After several species with no song to speak of today's bird in complete contrast is the Woodlark. The Skylark has attracted the attention of several poets, such as Shelley and George Meredith, and is almost universally acclaimed by the community at large, but if you listen to its song carefully it is full of harsh notes. The Skylark used to be found singing in large numbers over virtually every open wide space, so its song was familiar to a large proportion of the population. It has declined drastically in the last 3 decades, but it is still a very familiar bird. The Woodlark by contrast used to be confined to the extreme south and east of England, but in recent decades because of the planting of conifer plantations and the restoration of adjacent lowland heaths it has increased its range to such an extent that there is a healthy breeding population in many parts of Yorkshire. It has recently been announced that the Woodlark has been transferred from the red list to amber.
There are several venues next term where we may hear the beautiful song of the woodlark, and possibly even observe this attractive bird. Unlike the familiar Sylark song, the Woodlarks consists of a series of beautiful liquid notes made up of several completely different phrases, which includes the simple phrase loo-loo, which accounts for the French name for the bird: Lulu, and the scientific name: alula.
Woodlark, male (left) & female (right)
Pair in the air
The Skylark is famous for its song flight when it can fly so high it often disappears from view. In contrast, the Woodlark usually flies just above tree height in large undulating circles. Like a Skylark, a Woodlark's wings have a large surface area, and it flaps these constantly, but its silhouette is of a bird with a much shorter tail, which gives it an almost bat-like quality in flight.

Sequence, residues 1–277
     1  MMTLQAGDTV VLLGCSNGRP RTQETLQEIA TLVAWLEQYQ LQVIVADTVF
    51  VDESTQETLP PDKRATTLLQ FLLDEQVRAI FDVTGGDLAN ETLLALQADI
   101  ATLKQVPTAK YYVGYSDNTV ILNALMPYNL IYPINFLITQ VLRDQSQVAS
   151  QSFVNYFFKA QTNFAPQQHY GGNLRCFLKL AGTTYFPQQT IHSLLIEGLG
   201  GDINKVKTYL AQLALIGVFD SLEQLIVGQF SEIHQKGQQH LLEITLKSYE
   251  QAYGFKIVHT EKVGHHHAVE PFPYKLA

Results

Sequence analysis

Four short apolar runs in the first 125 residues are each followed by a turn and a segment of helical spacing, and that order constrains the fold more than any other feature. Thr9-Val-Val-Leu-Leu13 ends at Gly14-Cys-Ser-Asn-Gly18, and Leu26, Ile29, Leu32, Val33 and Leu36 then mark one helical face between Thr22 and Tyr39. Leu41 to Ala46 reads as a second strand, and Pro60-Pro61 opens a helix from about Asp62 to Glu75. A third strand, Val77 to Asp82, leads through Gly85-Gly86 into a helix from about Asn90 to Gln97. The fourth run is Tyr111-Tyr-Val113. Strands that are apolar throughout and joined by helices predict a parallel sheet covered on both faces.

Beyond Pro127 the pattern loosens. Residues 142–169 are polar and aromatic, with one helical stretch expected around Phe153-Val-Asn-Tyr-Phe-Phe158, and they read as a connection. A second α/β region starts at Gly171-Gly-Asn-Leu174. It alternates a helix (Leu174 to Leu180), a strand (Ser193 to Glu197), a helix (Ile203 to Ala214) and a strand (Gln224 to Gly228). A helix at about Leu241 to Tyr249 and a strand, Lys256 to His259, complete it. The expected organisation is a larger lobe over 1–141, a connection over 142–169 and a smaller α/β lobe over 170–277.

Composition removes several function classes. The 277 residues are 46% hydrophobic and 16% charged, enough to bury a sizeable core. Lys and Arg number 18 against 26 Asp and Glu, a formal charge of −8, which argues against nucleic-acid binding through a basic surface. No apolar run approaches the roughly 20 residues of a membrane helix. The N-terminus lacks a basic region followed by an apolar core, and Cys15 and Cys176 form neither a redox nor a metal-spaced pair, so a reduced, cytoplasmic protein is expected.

Flying Woodlark - note surface area of wing
Skylark in Flight (c) 2015 Tony Robinson - note longer tail
Woodlark - note pale supercilium meeting at the back of head
The Woodlark has a pale eyebrow above each eye which meet at the back of the head, which is something not shared with the Skylark. The Woodlark also has a distinctive marking on the edge of its wing, which is another diagnostic feature, although we may not get close enough to observe this. Like a Skylark, a Woodlark can raise its crest, but it probably does this less often than a Skylark.
Singing from the ground
Skylark - note raised crest
Hopefully, this is a bird we will hear after mid-February both this term, and after Easter. Over the past decade introducing Woodlarks to students has been one of the most rewarding aspects of the course, as they marvel at the beauty of the song and the subtle details of the plumage, and the enormous claws on its feet!